Dynamic Start Menu on Server 2016/2019 and Windows 10

Let’s sort the Start Menu out…and find a nice, secure, simple way of managing it.

The Start Menu in Windows used to be a user-customizable area of the filesystem, but ever since Windows 8, new functionality has been added here that has made it much more tricky to manage. How can we manage it so that it updates dynamically based on user entitlements so that we have security and flexibility, but also is easy to manage and doesn’t require a lot of updating?

History

The Start Menu has always been a combination of filesystem shortcuts that were applied to the user (from %APPDATA%\Microsoft\Windows\Start Menu) and the device (common start menu items were stored in an area that now maps to %ALLUSERSPROFILE%\Microsoft\Windows\Start Menu). However, as operating systems moved on this became less a pure filesystem and was supported more by other items in the interface. Up to Windows 7/2008 R2, these additional features were quite simple and could be manipulated by Group Policies, Registry items and special folders – but with Windows 8 and upwards, we were introduced to wonderful things like the Start Tiles, Start Screen, UWP apps, WinX menus and many others that have made our management of this area of the UI much harder.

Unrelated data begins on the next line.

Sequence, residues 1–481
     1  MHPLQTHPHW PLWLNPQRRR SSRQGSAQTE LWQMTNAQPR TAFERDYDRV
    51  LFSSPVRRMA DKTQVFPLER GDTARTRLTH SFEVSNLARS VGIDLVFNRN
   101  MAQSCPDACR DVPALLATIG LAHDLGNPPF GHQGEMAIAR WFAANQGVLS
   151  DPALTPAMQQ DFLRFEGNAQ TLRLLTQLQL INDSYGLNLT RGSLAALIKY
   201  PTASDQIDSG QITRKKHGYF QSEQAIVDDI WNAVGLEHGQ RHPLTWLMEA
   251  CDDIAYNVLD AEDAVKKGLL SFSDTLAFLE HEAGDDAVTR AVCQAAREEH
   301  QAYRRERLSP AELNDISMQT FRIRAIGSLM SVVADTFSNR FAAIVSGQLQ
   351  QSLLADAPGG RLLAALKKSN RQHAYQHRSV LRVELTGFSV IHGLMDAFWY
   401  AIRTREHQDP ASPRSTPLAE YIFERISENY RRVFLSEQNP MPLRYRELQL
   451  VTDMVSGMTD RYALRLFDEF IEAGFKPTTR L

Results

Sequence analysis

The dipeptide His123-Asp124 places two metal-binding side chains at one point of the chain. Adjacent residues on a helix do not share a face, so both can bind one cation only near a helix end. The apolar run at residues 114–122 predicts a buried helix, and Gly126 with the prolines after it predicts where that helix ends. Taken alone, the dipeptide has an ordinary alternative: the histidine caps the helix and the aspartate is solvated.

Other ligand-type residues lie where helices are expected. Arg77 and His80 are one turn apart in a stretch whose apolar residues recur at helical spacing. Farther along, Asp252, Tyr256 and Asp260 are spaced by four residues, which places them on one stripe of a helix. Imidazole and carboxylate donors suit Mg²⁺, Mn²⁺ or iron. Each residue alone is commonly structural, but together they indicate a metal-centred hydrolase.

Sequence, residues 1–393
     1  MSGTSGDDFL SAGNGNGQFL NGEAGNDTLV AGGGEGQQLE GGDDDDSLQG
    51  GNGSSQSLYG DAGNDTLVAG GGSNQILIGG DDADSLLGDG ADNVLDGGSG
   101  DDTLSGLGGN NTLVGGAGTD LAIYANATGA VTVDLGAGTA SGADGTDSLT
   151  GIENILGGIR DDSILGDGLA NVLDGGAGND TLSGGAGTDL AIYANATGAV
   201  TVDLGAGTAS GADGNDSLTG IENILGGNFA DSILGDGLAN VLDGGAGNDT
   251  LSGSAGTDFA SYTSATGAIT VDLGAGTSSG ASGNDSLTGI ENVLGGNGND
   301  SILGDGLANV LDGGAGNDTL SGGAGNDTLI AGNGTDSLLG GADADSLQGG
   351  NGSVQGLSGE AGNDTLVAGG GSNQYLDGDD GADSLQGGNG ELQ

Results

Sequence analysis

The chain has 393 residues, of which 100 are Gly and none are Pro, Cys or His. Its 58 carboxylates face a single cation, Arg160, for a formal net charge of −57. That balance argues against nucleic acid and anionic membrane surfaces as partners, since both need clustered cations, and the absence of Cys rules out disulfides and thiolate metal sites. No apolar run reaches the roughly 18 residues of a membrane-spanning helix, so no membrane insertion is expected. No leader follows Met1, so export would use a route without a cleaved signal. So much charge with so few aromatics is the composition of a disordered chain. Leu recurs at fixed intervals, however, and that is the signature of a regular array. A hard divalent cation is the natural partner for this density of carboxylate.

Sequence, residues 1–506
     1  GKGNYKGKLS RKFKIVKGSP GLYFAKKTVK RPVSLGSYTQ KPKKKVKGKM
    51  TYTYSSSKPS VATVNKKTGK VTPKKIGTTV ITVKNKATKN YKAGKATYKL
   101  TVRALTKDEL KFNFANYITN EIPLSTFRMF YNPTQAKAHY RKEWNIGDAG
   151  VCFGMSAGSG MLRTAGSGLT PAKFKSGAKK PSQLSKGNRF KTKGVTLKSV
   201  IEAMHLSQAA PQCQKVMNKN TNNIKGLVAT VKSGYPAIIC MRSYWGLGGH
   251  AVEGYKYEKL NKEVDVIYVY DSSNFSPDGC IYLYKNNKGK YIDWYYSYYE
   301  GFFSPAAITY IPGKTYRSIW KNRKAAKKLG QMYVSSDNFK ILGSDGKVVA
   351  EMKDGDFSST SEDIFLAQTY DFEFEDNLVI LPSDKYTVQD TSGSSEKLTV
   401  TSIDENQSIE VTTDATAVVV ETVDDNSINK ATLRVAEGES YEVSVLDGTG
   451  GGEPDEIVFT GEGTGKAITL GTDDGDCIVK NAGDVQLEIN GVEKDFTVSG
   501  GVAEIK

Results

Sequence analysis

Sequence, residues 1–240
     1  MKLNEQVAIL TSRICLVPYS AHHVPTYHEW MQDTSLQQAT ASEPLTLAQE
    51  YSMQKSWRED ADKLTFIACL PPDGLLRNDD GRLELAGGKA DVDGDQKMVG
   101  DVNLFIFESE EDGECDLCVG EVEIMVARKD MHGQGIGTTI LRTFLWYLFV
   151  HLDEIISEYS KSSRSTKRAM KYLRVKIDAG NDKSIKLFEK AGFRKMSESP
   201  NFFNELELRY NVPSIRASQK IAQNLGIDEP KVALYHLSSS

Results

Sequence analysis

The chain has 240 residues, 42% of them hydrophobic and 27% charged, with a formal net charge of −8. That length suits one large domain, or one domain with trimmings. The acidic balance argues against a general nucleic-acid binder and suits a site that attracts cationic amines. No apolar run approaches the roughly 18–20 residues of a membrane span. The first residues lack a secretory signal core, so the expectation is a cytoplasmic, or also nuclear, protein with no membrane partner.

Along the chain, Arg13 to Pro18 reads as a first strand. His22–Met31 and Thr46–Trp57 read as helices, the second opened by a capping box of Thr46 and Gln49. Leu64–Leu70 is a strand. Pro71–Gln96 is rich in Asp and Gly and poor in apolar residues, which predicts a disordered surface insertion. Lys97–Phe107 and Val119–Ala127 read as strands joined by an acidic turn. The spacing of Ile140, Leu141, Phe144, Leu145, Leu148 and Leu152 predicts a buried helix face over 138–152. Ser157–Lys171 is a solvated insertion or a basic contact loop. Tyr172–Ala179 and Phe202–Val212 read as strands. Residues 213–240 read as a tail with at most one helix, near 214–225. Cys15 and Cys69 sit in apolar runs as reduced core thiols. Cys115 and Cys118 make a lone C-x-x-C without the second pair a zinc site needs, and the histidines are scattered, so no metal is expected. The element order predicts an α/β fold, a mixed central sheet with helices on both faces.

Before we start and dive in, let’s be clear what we are talking about here – we’re not referring to the Start Tiles (which are shown below)

but the actual Start Menu (shown here)

I’ve always been a fan of building a dynamic Start Menu when the user logs in based around their entitlements. Many have traditionally used the Citrix Receiver/Workspace app to do this, but a) you may not be in a Citrix environment, or b) using the Workspace App in this way often feels clunky, drawn-out and messy – you’ve got to wait for the app to launch and kick in, at which point it then injects its own shortcuts into a pre-existing Start Menu. I prefer, where possible, to get the user’s entire Start Menu built during the logon process, so it’s ready to go as soon as the logon completes.

The Windows 7 Start Menu